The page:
“I’m still getting the hang of it, especially the fuss in the dressing room beforehand – meeting label people, music industry people, media people. All of that takes a while to acclimatise to, because you don’t fully realise how busy you can be right up until you’re walking onto the stage. I’m new to all of this, but I know the more I carry on the more I know how much I enjoy performing.”
It is a rare thing, indeed, to meet someone on the way up who has no more a pretentious notion of themselves than a baby dozing in a buggy. But Andrew Hozier-Byrne – known simply as Hozier these days to all and sundry, and that includes US chat show hosts Ellen DeGeneres and Jimmy Fallon – is the modest sort.
We are having a chat in Vice, a coffee shop located at Dublin’s shabby-chic but super-hip Twisted Pepper venue. With a mixture of ska, dub and reggae throbbing away in the background, Hozier – an immeasurably tall 24-year-old man, soft-spoken, polite to a fault, sensible, smart and well read – relates how he has arrived at a point where he has become so hotly tipped for mainstream success that he’s in danger of melting.
Less than 18 months ago, there was no such palaver; Hozier was just Andrew Hozier-Byrne, a musician and songwriter from a small town in County Wicklow. He had gone through the usual mid-late teenage phase of, he says, being “feckless.” Yet he didn’t want his parents to think he was a “waster”, so secondary school done and dusted, he applied, and was accepted, to Trinity College Dublin to study for a BA in Music.
Engaging with music was, he recounts, a no-brainer. “When I was a kid, my dad was a drummer in a blues band, so the musical influences seeped in. Some of my earliest memories are going to see him perform, and blues music was, pretty much, all that would have been playing in the house. So the influences were there from the very beginning – blues, soul, jazz albums from the likes of Muddy Waters, Howlin’ Wolf, John Lee Hooker, Billie Holiday, and then the older, Delta blues musicians.”
Hozier isn’t certain why he liked such adult music so much. When you’re absorbing things as a child, he implies, it’s virtually impossible to fully articulate why you like it. Yet it ended up as music, he outlines, that was close to his heart. Phases of wanting to be a doctor or an actor were bypassed again and again by the apparent need to be a musician. “All of the people I looked up to – and aspired to be – were singers, songwriters and musicians. People like Nina Simone was, to me, an incredible performer; Tom Waits, also. So when I was about 15, I started writing lyrics, and that brought me naturally into singing.”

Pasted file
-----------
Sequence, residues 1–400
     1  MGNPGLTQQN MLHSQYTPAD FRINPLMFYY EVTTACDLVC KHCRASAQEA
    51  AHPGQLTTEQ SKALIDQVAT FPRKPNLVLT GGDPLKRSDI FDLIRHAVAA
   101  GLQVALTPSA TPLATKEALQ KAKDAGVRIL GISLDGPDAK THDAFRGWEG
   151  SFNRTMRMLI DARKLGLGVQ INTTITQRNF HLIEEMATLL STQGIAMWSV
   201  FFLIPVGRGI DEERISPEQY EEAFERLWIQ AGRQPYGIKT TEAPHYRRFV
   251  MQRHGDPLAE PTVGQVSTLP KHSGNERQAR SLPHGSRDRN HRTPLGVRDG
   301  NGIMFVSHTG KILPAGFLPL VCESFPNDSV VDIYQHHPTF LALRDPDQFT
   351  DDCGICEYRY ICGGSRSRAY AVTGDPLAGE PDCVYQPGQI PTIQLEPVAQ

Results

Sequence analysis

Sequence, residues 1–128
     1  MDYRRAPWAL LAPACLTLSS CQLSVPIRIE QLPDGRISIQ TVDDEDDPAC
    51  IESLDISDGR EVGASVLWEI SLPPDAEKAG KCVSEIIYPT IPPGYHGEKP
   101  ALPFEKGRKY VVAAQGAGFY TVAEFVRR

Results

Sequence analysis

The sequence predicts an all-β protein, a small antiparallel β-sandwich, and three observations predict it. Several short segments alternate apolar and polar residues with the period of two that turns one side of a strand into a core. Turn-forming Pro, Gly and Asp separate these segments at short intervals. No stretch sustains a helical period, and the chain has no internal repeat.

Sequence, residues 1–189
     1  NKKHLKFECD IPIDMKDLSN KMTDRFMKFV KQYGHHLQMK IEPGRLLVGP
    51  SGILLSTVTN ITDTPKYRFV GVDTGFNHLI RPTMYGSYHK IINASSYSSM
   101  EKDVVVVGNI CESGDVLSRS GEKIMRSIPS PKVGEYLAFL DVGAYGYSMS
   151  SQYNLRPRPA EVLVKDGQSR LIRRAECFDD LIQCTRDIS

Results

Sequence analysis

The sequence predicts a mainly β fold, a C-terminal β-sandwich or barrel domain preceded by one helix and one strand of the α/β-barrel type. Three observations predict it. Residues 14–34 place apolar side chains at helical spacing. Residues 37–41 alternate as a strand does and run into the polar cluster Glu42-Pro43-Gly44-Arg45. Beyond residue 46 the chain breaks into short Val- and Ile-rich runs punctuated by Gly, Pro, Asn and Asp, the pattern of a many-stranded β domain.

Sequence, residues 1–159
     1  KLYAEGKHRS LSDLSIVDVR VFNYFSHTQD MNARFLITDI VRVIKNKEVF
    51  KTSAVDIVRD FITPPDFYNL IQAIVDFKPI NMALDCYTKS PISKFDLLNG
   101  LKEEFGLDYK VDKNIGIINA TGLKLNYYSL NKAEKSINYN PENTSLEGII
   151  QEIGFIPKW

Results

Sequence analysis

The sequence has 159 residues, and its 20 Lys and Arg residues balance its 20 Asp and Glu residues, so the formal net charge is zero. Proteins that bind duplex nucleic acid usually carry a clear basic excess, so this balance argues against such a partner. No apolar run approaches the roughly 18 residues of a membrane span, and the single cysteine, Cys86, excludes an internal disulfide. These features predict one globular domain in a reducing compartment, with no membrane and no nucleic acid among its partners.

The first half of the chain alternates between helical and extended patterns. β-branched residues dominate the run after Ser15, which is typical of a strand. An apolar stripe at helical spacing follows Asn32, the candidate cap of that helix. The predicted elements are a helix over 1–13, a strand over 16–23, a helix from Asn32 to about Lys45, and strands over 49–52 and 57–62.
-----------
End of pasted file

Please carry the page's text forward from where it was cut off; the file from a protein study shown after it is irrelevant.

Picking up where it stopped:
There then followed the usual route for the wannabe muso: covers bands, early attempts at songwriting, trying to get under the skin of being creative. This period of time – spent between his last few years at secondary school and his first year at TCD – was all about developing slowly, steadily, surely. Despite his best intentions, and an eagerness not to let his parents down, college just wasn’t working out. “I wanted to achieve,” Hozier says in a voice that’s equal parts pleading and guilt-ridden. “Although I lost interest towards the end of secondary school, I was always capable of achieving academically. Yes, music was at the core of what I knew I wanted to do – that’s one of the main reasons why I went to Trinity – but in my heart I knew I couldn’t stick four years of academic music study. It was obviously a huge help towards understanding music structure, and so on, but all I wanted to do was write songs.”
What happened next is one of those ridiculous/incredible confluences of events that make you wonder about the intricate nature of the mysteries of the known Universe. Call it destiny or a fluke, but while at secondary school, Hozier performed a few songs at a summer garden party. At the same party was the mother of one of his school friends; this woman liked what she heard, and using her influence as a notable music industry figure introduced Hozier to various other music industry bigwigs, to whom the affable singer sent demo recordings. At the age of 19, however – and without a shred of false humility – Hozier felt he was being thrown into the deep end without water wings. “It was too early for me,” he reflects, “and I felt completely over my head. Simply put, I needed more time to work on my original material.”